On initial perusal, the visitor is tempted to infer from these complex narratives a sermon directed at biblical typecasting, at religion’s tendency to mangle complex lives to suit the missionary agenda, but that would be to miss the import of the elegant metaphor at the centre of the installation – the winged effigy whose brazen iconography appears to mock our misguided compulsion to clothe the immaterial in any form. In its wrenching pose, the angel presents itself as a sacrificial offering to the essential mysteries of faith, its bleeding skull a seeming reminder of the bloodletting that so often attends the urge to corral the ethereal with graven imagery and simplistic doctrine.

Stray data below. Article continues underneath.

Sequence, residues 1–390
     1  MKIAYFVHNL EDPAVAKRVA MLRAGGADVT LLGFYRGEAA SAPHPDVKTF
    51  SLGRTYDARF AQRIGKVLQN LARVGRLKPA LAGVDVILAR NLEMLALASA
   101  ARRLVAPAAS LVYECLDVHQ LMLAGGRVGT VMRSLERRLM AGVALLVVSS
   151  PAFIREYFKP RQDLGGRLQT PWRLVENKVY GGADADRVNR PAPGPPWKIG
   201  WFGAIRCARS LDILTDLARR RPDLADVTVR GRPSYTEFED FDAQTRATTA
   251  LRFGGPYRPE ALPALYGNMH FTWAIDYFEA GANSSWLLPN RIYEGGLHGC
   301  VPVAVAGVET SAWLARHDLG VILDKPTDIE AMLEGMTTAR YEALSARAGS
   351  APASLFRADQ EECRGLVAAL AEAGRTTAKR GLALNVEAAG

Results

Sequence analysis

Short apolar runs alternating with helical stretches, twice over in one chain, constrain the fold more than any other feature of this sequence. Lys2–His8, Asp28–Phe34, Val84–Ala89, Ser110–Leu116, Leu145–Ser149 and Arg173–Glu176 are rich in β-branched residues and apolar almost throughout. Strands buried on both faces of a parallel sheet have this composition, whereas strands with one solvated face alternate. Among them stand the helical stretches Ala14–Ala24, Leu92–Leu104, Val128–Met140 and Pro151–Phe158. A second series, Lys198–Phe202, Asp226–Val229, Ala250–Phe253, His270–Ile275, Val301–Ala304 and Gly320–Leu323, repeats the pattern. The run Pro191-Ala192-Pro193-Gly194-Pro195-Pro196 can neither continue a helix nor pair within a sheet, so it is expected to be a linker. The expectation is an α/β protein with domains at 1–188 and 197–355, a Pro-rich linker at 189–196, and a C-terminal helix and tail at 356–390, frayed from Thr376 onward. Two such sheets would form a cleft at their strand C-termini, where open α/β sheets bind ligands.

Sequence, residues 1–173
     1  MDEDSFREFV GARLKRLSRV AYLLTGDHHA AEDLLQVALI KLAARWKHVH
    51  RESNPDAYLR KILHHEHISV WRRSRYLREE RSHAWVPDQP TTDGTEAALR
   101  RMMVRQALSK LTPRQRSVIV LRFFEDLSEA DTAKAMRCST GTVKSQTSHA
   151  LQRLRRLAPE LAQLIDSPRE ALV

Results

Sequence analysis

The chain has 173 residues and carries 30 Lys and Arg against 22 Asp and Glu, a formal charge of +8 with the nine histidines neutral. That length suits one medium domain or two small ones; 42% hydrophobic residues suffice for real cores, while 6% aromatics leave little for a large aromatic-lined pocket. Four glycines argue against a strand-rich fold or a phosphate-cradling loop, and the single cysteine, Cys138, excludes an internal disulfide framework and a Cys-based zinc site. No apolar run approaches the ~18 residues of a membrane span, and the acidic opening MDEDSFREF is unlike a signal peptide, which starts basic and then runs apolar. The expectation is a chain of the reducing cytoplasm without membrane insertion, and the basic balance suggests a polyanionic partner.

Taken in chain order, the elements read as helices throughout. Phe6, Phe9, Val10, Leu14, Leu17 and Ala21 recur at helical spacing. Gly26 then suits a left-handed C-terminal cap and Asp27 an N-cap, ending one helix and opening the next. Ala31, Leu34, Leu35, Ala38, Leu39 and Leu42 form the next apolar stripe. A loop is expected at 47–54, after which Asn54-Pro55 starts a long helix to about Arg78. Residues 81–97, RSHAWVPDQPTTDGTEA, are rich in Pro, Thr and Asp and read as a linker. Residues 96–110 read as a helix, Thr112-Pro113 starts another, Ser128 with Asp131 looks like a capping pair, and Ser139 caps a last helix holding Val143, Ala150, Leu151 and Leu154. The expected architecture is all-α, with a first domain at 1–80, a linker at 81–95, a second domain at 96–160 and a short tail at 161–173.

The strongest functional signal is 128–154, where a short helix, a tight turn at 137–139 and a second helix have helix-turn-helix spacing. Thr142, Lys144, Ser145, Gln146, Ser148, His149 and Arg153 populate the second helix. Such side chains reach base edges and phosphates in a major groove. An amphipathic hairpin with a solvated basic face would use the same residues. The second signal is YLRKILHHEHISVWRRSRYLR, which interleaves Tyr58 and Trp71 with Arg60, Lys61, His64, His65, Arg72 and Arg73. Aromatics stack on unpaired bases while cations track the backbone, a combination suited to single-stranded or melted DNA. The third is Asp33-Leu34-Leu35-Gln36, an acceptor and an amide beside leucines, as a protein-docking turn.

This is only one interpretation, mind. Sharon’s presentation is a labyrinth of potential takes. In its raw performance, however, the piece is unequivocal. Pilgrims to her make-shift shrine leave the gallery with a palpable feel for Christianity in its mystical infancy. Delete the erudite reverie and this is a religious service in the primitive Catholic mode, a ritual evocative of the caverns and catacombs of the faith’s subversive heyday – of Christendom’s formative years, when the sacred rites were performed by a co-ed priesthood deep underground and the sacraments that would eventually become our rote Mass were very much a lively and impromptu affair, instantly engaging and continuously evolving – virtually a performance in progress.